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Current Pharmaceutical Design


ISSN (Print): 1381-6128
ISSN (Online): 1873-4286

Review Article

New Horizons in the Pathogenesis, Pathophysiology and Treatment of Familial Hypercholesterolaemia

Author(s): Margus Viigimaa*, Silver Heinsar, Dragan Lovic, Alexandra Katsimardou, Alexia Piperidou and Davit Duishvili

Volume 24 , Issue 31 , 2018

Page: [3599 - 3604] Pages: 6

DOI: 10.2174/1381612824666181009105305


Background: Familial Hypercholesterolaemia (FH) is an autosomal-dominant genetic disease and represents the most common genetic disorder: heterozygous 1/250 births, homozygous 1/300, 000 births. FH is characterized by high to very high low-density lipoprotein cholesterol (LDL-C), which is the main cause of increased incidence of premature atherosclerotic Cardiovascular Disease (CVD) or aortic stenosis.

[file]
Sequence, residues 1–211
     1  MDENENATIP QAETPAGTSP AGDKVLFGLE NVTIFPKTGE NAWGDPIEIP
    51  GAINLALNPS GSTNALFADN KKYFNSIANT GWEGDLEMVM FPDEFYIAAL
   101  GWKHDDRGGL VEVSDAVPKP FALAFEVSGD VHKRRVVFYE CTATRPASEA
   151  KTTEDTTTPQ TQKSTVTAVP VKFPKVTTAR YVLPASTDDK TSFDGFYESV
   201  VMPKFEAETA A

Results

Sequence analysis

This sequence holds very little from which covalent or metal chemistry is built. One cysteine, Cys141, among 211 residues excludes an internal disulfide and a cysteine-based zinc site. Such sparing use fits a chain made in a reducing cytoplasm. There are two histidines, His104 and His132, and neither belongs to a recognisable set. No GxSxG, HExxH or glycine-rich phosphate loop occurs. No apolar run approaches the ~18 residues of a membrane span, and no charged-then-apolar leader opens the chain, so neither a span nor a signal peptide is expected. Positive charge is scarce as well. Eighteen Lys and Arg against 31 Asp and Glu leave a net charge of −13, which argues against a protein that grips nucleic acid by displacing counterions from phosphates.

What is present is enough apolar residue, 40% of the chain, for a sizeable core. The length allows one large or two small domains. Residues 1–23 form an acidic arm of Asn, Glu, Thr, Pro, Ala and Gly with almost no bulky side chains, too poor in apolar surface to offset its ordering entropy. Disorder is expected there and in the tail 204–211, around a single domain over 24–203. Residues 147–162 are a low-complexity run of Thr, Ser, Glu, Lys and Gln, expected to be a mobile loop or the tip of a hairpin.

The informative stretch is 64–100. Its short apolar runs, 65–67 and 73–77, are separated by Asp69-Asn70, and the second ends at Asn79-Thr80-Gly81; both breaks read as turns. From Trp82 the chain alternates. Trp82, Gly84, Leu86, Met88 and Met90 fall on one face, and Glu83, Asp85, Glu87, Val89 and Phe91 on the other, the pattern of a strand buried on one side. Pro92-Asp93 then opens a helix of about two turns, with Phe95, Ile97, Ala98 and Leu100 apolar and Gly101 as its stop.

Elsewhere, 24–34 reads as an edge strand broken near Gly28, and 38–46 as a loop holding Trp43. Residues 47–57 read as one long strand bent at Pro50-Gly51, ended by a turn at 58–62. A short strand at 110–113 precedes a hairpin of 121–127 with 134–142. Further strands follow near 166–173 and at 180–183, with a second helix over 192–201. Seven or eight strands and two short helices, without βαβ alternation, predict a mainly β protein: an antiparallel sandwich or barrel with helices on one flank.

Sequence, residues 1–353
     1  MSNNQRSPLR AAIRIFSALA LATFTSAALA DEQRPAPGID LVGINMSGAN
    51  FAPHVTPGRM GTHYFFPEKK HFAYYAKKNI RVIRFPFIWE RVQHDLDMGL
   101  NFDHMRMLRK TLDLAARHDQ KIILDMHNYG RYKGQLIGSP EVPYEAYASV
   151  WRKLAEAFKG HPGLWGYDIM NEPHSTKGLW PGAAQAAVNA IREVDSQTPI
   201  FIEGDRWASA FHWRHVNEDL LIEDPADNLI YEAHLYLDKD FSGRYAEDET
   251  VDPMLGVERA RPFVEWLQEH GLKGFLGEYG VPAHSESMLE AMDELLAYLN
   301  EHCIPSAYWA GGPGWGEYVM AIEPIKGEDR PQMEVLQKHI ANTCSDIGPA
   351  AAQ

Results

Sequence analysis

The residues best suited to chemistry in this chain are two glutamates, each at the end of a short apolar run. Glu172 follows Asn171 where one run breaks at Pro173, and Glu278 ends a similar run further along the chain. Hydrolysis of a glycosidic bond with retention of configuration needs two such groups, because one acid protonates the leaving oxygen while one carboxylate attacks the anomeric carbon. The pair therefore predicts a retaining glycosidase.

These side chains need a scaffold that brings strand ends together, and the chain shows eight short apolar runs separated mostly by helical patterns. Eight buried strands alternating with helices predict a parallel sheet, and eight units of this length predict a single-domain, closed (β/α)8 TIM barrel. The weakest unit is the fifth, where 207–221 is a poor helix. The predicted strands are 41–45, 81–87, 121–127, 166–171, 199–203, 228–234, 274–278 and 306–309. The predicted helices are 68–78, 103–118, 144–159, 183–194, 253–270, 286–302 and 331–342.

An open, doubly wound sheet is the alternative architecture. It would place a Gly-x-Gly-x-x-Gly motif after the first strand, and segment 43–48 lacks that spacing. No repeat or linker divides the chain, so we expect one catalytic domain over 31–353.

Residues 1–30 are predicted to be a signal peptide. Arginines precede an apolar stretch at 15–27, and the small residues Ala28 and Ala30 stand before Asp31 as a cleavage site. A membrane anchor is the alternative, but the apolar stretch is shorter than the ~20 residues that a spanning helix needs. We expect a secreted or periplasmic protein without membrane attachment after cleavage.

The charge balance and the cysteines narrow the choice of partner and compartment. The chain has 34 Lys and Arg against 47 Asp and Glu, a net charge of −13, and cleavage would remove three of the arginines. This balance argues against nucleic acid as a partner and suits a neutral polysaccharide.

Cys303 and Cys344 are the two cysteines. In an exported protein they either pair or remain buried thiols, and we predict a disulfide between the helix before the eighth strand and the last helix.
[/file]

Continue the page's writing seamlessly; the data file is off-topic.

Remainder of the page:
Objective: The aim of the review was to investigate the pathogenesis and the pathophysiology of FH.

Results: The most common (60-80%) FH cause is mutations of the LDL Receptor (LDLR) protein (6 classes with a different number of receptors and functionality). Moreover, mutations in apolipoprotein B (APOB) (<5%) and gain-of-function mutations of proprotein convertase subtilisin/kexin type 9 genes (PCSK9) (<1%) contribute to its pathogenesis. An Autosomal Recessive Hypercholesterolaemia (ARH) is another cause, very rare (1/2.500 births), mainly in Sardinia. The remaining patients with a clinical diagnosis of monogenic hypercholesterolaemia do not present any known genetic cause. Since FH is a significant public health problem, early diagnosis and treatment are of utmost importance. Recent studies demonstrated the influence of the LDLR mutation type in the FH phenotype, associating a more severe clinical phenotype and worse advanced CVD in patients with null mutation than those with receptor-defective mutations. This analysis completes the adequate clinical diagnosis.

Conclusion: Both homozygous and heterozygous FH are related to mutations of LDLR (mainly), APOB, PCSK9, while other rare forms exist. All aberrations lead to the impaired removal of LDL-C from the blood leading to its accumulation and subsequent CVD earlier than in the general population.

Keywords: Familial hypercholesterolaemia, pathogenesis, pathophysiology, LDL receptor, apolipoprotein B, PCSK9, autosomal recessive hypercholesterolaemia.

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